Approximate Weight: Felt normal. Usually, cheaper boards can sometimes feel heavier but this didn’t.
On Snow Feel: Here is what makes this such a good entry level board. It’s got a very stable feel between the feet in all conditions from ice to powder. It’s nothing special in terms of personality but it’s always the same board. That is really important for those who are trying to learn or get to the next level.
Turn Initiation: The Templar is very quick and easy edge to edge.
Flex: It’s a very mid-level flex that seems a little softer at the tip/tail. It’s a very easy board to butter.
Edge Hold: Very solid edge hold. It didn’t seem to grab as much as it did in the past in soft snow but still feels like it held an edge really well in the harder snow we encountered.
Powder: Now we haven’t had powder but it’s got almost the same setback, camber profile and shape as the Taipan and it should give an amazing surfy float when it gets deep when it’s set all the way back. It’s also got a lot of rocker in the tip/tail so you can ride it centered if you want to go that way as well.
Carving: The edge hold is there but it needs more camber to be a special carver. It can carve but we’d rather be on the One Magtek when it comes laying out hard carves. It feels a little stiffer and more lively.
Speed: Not a bomber but fine on longer open runs without getting too chattery. The base holds it’s speed well on long flat cat tracks though.
Uneven Terrain: A very good board from the first chair to last.
Switch: Rides switch very well. It’s not the same but when centred it’s very easy to get used to.
Jumps: Not super springy. It’s not dead but it’s not super poppy as well.
Jibbing: Jibbing is doable for sure. It’s not the easiest but it’s fine if you want to stop in the jib park.
Pipe: Now this isn’t special in the pipe like the One Magtek but it’s got perfect grip for pipe and if you are learning here it’s about as easy as it gets. It’s super stable too.
So every year it’s been a toss-up between the Taipan and the Templar but I think we all had a little more fun riding the Templar this year over the Taipan. Both are still great boards so it really comes down to personal preference.
2014 – 2013 Rossignol Templar Review
The Templar is similar in shape and camber as the Rossignol Taipan.
Not much has changed from 2013 to 2014. Same great beginner intermediate board. It feels softer to us than the Taipan and it also has a 5 point magnetraction that holds an edge better than most 7 point magnetraction boards. The stability between the feet and excellent edge hold offers one of the best rides for beginner or intermediate all mountain to freeriders. Advanced to Expert riders might prefer the Taipan or One Magtek instead.
Size: 155 and 158
Conditions: Hard snow to some good groomers and a little less than 1 foot of thicker costal powder
Riders: James, Peter, Dave, Dylan
Boots: Burton Ion, Burton Imperial, Burton Ruler
Bindings: Burton Cartel, Union Contact
Set Up: Centered 23″ wide 15 front -15 back. 22.5″ Wide Set back 15 front -3 back.
The Rossignol Templar is kind of soft and possibly the best all mountain beginner board out there. Especially if you ride in harder conditions.
On Snow Feel: It’s a mellow cruise the mountain type of board that is stable between the feet. Very easy to one foot off the chair and very easy to flat base compared to many boards that have rocker between the feet. The Templar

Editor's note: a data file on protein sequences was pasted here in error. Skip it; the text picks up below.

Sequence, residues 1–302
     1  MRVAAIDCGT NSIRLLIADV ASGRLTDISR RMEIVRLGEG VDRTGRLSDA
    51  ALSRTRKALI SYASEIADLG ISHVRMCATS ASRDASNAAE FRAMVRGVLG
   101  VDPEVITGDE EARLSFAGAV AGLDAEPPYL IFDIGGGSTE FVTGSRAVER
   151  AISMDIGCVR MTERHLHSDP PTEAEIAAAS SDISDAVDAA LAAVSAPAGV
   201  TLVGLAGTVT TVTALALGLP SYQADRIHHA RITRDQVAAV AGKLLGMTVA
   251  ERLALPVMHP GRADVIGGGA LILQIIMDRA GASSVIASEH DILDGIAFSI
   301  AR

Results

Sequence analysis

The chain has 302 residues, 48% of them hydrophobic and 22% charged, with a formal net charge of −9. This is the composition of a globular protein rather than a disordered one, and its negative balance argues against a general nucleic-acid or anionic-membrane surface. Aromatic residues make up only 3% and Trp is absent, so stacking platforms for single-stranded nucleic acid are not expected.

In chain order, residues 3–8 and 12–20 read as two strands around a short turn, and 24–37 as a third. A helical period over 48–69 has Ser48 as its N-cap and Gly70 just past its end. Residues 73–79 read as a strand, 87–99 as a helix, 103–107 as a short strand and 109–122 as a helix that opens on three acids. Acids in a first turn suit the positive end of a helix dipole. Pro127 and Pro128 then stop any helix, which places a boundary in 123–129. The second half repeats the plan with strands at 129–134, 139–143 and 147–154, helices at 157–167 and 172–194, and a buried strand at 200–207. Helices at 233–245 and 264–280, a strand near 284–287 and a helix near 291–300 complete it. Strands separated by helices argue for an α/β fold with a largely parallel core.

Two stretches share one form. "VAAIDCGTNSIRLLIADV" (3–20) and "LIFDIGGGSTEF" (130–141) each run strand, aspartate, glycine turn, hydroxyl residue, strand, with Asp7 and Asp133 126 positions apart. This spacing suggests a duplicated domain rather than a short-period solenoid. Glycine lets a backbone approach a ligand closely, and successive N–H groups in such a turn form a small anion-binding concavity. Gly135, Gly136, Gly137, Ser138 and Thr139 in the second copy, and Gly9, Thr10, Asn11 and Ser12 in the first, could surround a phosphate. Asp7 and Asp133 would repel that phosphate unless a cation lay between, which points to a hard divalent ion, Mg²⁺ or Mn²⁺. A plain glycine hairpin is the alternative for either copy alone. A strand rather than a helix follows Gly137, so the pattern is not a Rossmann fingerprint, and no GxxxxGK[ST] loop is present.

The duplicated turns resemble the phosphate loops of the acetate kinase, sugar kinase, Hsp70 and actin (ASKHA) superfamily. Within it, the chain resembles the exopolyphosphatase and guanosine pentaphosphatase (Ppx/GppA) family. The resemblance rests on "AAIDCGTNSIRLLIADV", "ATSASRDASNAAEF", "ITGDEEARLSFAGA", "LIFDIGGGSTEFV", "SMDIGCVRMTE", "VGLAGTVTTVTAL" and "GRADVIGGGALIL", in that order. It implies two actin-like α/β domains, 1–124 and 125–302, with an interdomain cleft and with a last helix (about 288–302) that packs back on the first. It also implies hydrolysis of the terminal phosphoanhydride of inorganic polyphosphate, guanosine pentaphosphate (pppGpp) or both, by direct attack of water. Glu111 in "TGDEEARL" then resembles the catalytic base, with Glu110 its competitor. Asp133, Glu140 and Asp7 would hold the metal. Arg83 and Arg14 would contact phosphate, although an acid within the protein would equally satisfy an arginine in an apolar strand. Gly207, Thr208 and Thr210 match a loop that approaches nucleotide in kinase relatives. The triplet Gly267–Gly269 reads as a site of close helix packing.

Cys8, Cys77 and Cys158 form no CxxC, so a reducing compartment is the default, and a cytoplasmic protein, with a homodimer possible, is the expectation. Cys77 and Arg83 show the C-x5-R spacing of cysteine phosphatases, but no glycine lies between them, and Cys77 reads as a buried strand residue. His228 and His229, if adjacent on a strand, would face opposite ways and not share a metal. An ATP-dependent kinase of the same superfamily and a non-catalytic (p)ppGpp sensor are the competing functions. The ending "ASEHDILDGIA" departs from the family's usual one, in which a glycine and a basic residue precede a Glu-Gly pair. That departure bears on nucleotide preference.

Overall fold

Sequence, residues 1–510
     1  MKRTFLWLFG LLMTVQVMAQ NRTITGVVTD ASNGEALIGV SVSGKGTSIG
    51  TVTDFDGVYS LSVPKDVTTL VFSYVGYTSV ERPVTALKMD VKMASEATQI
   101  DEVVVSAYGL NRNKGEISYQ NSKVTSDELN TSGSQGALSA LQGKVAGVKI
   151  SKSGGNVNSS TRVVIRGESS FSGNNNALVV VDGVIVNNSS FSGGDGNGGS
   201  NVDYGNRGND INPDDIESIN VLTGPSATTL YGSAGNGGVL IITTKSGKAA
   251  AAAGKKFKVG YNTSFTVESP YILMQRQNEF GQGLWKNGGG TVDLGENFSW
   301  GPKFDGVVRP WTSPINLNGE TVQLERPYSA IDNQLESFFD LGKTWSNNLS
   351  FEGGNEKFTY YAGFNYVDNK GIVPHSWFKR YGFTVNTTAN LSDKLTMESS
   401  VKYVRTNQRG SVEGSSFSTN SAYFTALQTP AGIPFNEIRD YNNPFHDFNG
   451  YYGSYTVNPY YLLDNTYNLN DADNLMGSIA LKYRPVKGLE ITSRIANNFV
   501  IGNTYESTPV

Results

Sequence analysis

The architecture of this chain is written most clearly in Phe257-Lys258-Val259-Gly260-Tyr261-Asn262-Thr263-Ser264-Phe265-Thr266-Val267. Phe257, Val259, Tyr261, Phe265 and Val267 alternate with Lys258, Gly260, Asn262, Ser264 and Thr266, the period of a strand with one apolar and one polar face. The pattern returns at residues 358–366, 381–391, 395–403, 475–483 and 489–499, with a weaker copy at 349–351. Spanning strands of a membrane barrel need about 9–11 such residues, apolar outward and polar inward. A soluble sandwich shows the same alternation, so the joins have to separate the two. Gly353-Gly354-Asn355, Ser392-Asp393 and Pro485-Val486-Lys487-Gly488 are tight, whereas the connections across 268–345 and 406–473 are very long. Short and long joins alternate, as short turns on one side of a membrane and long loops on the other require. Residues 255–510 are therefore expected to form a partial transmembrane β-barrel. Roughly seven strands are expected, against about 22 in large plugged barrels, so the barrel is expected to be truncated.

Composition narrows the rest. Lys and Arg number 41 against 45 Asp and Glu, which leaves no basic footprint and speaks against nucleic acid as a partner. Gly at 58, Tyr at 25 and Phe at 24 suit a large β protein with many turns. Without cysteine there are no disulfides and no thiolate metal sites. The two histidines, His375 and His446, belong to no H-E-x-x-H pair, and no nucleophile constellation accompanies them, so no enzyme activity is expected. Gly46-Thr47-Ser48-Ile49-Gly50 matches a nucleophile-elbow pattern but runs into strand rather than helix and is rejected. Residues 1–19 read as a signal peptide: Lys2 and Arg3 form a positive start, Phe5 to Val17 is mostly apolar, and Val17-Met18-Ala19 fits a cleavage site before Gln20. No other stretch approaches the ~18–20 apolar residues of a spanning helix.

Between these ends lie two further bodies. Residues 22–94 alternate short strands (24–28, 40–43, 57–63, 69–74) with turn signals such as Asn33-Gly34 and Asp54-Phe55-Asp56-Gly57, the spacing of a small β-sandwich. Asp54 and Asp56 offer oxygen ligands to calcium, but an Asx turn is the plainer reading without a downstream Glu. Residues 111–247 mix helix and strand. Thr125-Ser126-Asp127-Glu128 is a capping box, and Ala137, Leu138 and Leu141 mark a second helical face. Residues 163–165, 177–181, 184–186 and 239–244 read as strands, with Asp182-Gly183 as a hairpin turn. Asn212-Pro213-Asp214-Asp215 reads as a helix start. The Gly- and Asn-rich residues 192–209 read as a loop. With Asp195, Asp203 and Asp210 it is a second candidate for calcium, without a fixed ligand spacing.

Edge Hold: This is a 5 point magnetraction instead of a 7 point Magnetraction but it works better than many 7 point magnetraction boards we have ridden. It’s the kind of confidence inspiring edge hold that I personally feel all beginner to intermediate riders should have when learning.
Powder: Not bad for a powder board. It has that same surfy feel that the Taipan can have when you set the stance back. This floats really well.
Speed: There is chatter here when you pick up speed. Not sure if the production model will be a bit stiffer but we’d like to see this. Most advanced to expert riders might be a little disappointed with the chatter.
Uneven Terrain: It works over small bumps and it’s easy to work around bigger bumps. It’s a very good all terrain kind of ride…as long as the speeds are on the slower side of things.
Turn Initiation– So easy to turn and has that effortless feeling that many people love. One thing we noticed is the ride can be a little squirelly/loose between the feet like a hybrid rocker board can be.
Carving– It’s fun to a carve for such a soft board. It’s no One Magtek but it holds no matter how much you lean into it. It’s great to learn how to carve in less than ideal conditions.
Flex: Soft but we’d like to see it more on the Medium side instead. It would make this board more like the Taipan for east coast or other icy places. Still it’s very easy to butter and press.
Switch:It feels more directional than a directional twin but it’s not bad we felt is was border line excellent riding switch.
Pipe: Great Pipe board. If you are looking to learn the pipe then this could be the call. It’s forgiving and really fun to ride but if you are a more advanced pipe rider the only thing you might appreciate is the excellent edge hold.
Jibbing– The soft flex is really really easy to jib and butter around on. You could de-tune the edges and have a pretty good time sliding across things.
Jumps: Not terribly poppy but not completely lifeless. Forgiving on jumps but not one of those boards that give you more air than the jumps already give. A great entry level jump board.
We just happened to have a friend join us who was an athletic beginner and this just blew his mind compared to the other boards he was riding. It boosted his confidence and you could see a noticeable improvement in his riding after switching to this board. After this I put a few other begginer riders on this board and it changed their game as well. Dave, a rider and one of the designers from the site owns this board as well as the Rome Tour and loves them both.